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Cabo Verde

República de Cabo Verde (Republic of Cabo Verde)
  • Barry Turner
Part of the The Statesman’s Yearbook book series (SYBK)

Abstract

During centuries of Portuguese rule the islands were gradually peopled with Portuguese, slaves from Africa and people of mixed African-European descent who formed the majority. While retaining some African culture, the Cabo Verdians spoke Portuguese or the Portuguese-derived Crioulo (Creole) language and became Catholics. In 1956 nationalists from Cape Verde (now officially known as Cabo Verde) and Portuguese Guinea founded the Partido Africano da Independência da Guiné e Cabo Verde (PAIGC). In the 1960s the PAIGC waged a successful guerrilla war. On 5 July 1975 Cape Verde became independent, ruled by the PAIGC, which was already the ruling party in the former Portuguese colony of Guinea-Bissau. But resentment at Cape Verdians’ privileged position in Guinea-Bissau led to the end of the ties between the two countries’ ruling parties. Although the PAIGC retained its name in Guinea-Bissau, in Jan. 1981 it was renamed the Partido Africano da Independência do Cabo Verde (PAICV) in Cape Verde. The constitution of 1981 made the PAICV the sole legal party, but in Sept. 1990 the National Assembly abolished its monopoly and free elections were permitted. In Oct. 2013 the government informed the United Nations that the country would henceforth be designated Cabo Verde rather than Cape Verde.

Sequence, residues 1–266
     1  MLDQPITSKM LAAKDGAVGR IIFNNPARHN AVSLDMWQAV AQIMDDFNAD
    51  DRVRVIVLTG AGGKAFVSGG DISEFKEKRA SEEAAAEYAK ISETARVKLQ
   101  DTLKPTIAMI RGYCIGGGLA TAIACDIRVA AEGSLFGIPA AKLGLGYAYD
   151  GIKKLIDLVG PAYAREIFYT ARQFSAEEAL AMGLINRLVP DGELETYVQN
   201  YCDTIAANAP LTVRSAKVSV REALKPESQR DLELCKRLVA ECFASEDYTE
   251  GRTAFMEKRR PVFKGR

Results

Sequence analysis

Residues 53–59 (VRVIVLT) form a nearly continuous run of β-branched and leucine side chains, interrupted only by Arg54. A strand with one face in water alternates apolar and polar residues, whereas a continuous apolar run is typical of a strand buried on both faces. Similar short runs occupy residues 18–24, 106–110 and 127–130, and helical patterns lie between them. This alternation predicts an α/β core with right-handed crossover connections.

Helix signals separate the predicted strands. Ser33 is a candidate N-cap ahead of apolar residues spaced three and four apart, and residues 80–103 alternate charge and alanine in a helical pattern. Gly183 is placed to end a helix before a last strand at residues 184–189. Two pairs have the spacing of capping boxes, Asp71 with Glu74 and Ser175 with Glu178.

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Further Reading

  1. Foy, C., Cape Verde: Politics, Economics and Society. 1988Google Scholar
  2. Lobban, Richard, Historical Dictionary of the Republic of Cape Verde. 1995.—Cape Verde: Crioulo Colony to Independent Nation. 1998Google Scholar
  3. Meintel, D., Race, Culture, and Portuguese Colonialism in Cabo Verde. 1984Google Scholar

Copyright information

© Palgrave Macmillan, a division of Macmillan Publishers Limited 2014

Authors and Affiliations

  • Barry Turner

There are no affiliations available

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